With less than two weeks until the Nintendo 3DS launches in the United States, Nintendo is showing off its first commercial for the 3D gaming handheld. And in doing so, the company has raised a question that comes up every time someone tries to advertise 3D: How, exactly, do you market something that can only be witnessed in person?
In a way, this issue has dogged television makers for years. Back when tube televisions ruled, electronics companies had to convince us of HDTV’s visual fidelity through words or metaphor. That’s true with any incremental improvement in picture quality. But while it’s easy to believe that a new TV simply looks better than an old one, 3D has the challenge of selling the public on an entirely different way of viewing video. Take a look at how Nintendo handles it:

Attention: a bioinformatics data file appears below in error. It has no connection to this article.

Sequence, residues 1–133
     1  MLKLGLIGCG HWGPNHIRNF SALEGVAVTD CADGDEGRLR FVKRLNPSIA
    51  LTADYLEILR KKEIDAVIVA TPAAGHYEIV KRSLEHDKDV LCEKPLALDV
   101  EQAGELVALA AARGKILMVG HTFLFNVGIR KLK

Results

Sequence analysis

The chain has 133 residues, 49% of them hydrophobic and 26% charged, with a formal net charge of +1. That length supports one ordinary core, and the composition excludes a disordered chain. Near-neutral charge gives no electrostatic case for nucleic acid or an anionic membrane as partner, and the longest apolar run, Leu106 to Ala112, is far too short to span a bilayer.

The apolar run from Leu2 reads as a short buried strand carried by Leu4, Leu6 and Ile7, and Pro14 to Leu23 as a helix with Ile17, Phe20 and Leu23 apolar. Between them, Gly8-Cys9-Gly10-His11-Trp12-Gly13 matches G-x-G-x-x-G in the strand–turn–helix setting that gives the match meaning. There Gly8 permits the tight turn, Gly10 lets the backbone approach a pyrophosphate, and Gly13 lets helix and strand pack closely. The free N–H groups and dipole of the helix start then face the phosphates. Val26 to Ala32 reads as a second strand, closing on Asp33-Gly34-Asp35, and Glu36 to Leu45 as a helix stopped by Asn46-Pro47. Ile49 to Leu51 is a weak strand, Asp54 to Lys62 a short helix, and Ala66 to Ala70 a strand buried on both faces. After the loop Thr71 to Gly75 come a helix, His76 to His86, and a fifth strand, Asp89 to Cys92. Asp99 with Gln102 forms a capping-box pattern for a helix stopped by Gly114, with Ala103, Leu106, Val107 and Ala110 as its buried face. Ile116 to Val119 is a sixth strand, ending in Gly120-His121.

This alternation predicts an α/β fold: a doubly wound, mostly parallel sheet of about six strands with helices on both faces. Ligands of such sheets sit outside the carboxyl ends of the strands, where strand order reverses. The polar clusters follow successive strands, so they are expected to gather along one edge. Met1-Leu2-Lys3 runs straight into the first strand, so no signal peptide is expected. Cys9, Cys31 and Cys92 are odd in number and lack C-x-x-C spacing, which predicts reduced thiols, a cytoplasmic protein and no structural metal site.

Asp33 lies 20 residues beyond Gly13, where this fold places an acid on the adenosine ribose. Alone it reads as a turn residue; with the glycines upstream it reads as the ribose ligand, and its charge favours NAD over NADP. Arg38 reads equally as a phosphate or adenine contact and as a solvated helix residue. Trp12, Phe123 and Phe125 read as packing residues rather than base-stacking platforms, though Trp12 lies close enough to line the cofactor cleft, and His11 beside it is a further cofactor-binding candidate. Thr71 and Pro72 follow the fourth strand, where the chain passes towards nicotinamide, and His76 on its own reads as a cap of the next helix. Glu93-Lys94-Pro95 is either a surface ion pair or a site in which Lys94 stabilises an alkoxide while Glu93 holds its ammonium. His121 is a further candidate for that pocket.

I think the visual effect of jumping into and out of the game is a valiant effort. If I were 20 years younger, I’d probably be flipping out over this stuff, and it definitely does a better job of selling the 3D concept than most 3D TV ads. (My personal least favorite is the one from Panasonic where a family gets sucked into outer space, accompanied by a voiceover from a creepy, whispering child.)
One other thing that strikes me about the Nintendo 3DS ad: the users. These people are my age, which is to say they fall into the stereotypical gamer demographic. In recent years, Nintendo’s made a killing by targeting everyone else.